The Dodge Challenger coupe and Dodge Charger and Chrysler 300 sedans won’t be redesigned onto the automaker’s new Giorgio platform until the 2021 model year, when FCA is likely to discontinue production of one of the large sedans, according to one internal FCA source and one at an FCA supplier.
Information from those sources confirms vague details released in a contract highlighter sent to union members that explained the company’s new four-year labor contract with the Canadian auto workers union Unifor.
The agreement, ratified by Unifor members last month, calls for FCA to invest $325 million Canadian ($242 million U.S.) in the Brampton, Ontario, plant to rebuild its antiquated paint shop. Construction is to begin in the summer of 2017, according to the contract highlighter from union President Jerry Dias.
The Giorgio platform underpins the new Alfa Romeo Giulia, which is due to go on sale in North America by the end of the year.
On the company’s third-quarter conference call with analysts late last month, FCA CEO Sergio Marchionne said he was “encouraged by the versatility of the architecture that was planned at the time in which the Giulia was launched. I think it’s proved out to be all and more than we expected, and I think its utilization across a wide range of applications within the group is probably the most beneficial thing we’ve done from a technical development here in a long time.”
The Giorgio platform would be stretched and likely widened for use by Dodge in North America for a next-generation Charger and Challenger. It is also rigid enough to allow FCA to potentially return to the convertible market for the first time since it canceled the Chrysler 200 Convertible in 2014.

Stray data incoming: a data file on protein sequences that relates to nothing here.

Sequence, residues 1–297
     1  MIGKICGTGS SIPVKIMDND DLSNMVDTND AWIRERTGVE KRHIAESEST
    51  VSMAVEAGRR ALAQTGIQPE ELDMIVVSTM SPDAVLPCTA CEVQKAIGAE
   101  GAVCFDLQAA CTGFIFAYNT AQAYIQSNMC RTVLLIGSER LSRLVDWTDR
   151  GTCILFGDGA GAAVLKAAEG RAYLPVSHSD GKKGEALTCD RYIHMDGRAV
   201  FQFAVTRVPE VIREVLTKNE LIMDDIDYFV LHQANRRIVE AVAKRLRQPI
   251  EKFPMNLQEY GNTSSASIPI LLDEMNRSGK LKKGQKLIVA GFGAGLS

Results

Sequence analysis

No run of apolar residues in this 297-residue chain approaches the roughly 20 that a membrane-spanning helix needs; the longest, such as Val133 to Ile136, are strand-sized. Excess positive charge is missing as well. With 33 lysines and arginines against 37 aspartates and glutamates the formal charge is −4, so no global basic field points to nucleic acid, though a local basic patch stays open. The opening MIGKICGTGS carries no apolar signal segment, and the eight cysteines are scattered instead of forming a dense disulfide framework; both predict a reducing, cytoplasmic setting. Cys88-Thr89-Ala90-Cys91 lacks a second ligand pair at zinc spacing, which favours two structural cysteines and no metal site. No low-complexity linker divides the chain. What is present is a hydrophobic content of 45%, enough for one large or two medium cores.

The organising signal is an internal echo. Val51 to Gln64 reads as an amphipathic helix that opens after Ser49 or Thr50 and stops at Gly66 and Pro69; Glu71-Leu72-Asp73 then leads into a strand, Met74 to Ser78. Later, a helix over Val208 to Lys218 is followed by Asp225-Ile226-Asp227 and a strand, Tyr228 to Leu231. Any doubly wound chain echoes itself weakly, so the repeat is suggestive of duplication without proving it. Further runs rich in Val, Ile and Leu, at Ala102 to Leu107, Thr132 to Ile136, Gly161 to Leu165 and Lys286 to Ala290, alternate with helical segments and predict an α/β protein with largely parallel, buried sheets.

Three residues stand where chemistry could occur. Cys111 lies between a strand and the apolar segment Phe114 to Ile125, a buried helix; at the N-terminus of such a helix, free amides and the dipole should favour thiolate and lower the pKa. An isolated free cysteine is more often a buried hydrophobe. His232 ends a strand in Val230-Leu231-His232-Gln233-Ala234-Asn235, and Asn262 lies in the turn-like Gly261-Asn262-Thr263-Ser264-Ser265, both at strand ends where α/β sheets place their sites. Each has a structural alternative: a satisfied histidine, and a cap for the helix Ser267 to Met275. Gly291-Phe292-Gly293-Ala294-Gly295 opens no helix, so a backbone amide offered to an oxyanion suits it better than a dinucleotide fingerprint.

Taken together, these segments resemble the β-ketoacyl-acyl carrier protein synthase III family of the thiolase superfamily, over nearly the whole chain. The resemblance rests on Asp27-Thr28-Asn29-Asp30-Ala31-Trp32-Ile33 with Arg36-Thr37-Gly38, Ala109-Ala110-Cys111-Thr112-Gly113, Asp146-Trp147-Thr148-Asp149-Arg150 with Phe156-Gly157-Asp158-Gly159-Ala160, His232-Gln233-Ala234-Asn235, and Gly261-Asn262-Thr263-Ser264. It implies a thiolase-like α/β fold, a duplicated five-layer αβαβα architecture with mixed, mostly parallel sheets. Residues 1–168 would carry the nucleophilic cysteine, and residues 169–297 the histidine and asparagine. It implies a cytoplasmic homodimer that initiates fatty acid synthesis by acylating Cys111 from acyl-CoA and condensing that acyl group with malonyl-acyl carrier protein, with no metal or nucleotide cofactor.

At the most recent FCA dealer’s show in Las Vegas in August 2015, FCA showed a potential future convertible Dodge that it called the Barracuda — a name borrowed from Plymouth’s muscle car past.
Until the switchover to the Giorgio platform, FCA plans to freshen the Charger, Challenger and 300 for the 2018 model year. The three large rear-wheel-drive and all-wheel-drive cars were last updated for the 2015 model year, but Dodge has wrung further sales out of its two offerings with a continued emphasis on specialty trim levels.
For example, for the 2017 model year, Dodge is returning its T/A name to the Challenger for the first time in 46 years, offering three new subtrims that tack new performance parts and appearance upgrades onto the R/T trim lineup.
However, when FCA begins manufacturing the Giorgio-based Dodge cars, it could mean the end of the line for the Chrysler 300 sedan.
Since taking over Chrysler after its 2009 bankruptcy, FCA’s executive leadership has consistently eliminated the badge-engineered twinned vehicles that were so common under former owner Daimler AG. Most recently, that has played out with the Jeep Compass, which will replace both the current model Compass and Jeep Patriot when it goes on sale in North America early next year.
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